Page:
The ride passes included admission to the stingray encounter which actually turned out to be awesome! They have trained their stingrays to take a piece of fish from the back of your hand with a certain command. And therefore, because they know this command, if you put your hand in the water they right way, they’ll swim over and put their mouth over your hand and suck. They call it a kiss. Also, because guests feed them, the stingrays will come to guests looking for foods. So instead of gathering hoping to snag a quick touch, you have stingrays coming up and reaching out with their fins to get your attention. It was really cool.

It took us all day to figure out how the zoo tram worked and we happened to go exactly opposite the most efficient way. However, that did earn us nice walks through the aviary and lemur island exhibit, which we didn’t do much of in the winter. And then we had a nice long ride to end our day at the zoo.

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We went back to Old Market for lunch. Brian remembered that I’d heard of and really wanted to try a restaurant/bakery called Wheatfields. They have a reputation for being really allergy conscious. We caught them 5 minutes before close so we made a hurried lunch decision. But it was delicious, nonetheless. I ordered Patrick his first cream soup. (New option without a dairy allergy.) He had the creamy chicken and rice. Ok. We both did. I ate about half of it because it was huge. But he did great with it, which gives me courage to try more. If you have a great cream soup recipe, sent it my way.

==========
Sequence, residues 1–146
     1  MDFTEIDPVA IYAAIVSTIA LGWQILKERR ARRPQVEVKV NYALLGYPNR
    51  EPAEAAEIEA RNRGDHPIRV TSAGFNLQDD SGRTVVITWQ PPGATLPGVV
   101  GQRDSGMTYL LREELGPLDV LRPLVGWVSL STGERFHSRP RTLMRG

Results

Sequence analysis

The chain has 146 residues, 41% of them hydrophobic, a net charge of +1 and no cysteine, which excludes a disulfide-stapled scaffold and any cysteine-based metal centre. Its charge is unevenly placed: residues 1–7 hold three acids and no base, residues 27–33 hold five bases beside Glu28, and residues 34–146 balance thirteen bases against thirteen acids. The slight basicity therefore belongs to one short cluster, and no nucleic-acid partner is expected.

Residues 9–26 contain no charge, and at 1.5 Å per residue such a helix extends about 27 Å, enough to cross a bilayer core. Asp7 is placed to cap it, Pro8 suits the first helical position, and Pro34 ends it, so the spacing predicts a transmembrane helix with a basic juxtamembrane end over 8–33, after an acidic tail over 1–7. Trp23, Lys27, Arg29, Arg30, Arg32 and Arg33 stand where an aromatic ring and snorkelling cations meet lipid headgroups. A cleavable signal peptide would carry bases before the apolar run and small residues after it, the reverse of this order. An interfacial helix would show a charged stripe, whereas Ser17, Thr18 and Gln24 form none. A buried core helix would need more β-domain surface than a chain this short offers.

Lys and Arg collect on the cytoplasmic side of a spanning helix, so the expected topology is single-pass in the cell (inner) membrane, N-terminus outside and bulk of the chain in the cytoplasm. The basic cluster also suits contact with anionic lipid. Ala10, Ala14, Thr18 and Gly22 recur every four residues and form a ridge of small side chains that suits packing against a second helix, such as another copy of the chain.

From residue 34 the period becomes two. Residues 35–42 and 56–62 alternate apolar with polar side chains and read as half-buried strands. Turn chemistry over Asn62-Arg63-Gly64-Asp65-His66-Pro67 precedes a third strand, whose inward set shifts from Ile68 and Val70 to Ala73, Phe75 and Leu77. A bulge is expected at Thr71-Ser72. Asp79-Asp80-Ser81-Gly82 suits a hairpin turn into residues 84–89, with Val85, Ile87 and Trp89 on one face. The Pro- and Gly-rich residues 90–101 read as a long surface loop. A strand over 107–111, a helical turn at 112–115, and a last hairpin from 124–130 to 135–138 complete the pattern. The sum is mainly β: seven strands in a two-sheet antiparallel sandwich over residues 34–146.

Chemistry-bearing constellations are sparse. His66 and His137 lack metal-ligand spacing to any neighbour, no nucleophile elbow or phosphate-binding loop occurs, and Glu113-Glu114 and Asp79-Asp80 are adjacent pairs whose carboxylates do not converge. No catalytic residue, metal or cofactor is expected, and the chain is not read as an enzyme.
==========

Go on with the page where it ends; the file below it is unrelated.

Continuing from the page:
And then, we caught the flight home.

I am super, duper proud of Patrick who made it the entire trip in underwear and without any accidents.

In fact, I’m just extremely proud of Patrick. He discovered this old video on his tablet taken a couple of years ago. It’s of him and me playing at the table. Nothing much. But I can see so many changes.

Patrick’s speech has come SO far in the past year. In the video, he is licking and spitting out fruit snacks and asking me what happens if he swallows. Now he is eating full meals. In the video I’m telling him not to drink too much water so he won’t make himself sick. Now the only concern is if he’s drinking enough. He’s still himself. Dramatic. Adventurous. But without the limitations.

He has come SO far.

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Transplant Day 216-218 and the Port

Nebraska Medicine’s scheduling is horrible for coming in from out-of-state for procedures. They don’t have their schedules far enough in advance and so we always end up booking after flights are already mostly full and expensive. Therefore, we left for Nebraska at 8 p.m. the night before Patrick’s procedure.

Well, technically, we left at 6 because security can take so long for us that we always allow 2 hours. This time, we all got precheck and, without IV fluids, were through security in 5 minutes without opening a single bag. Different.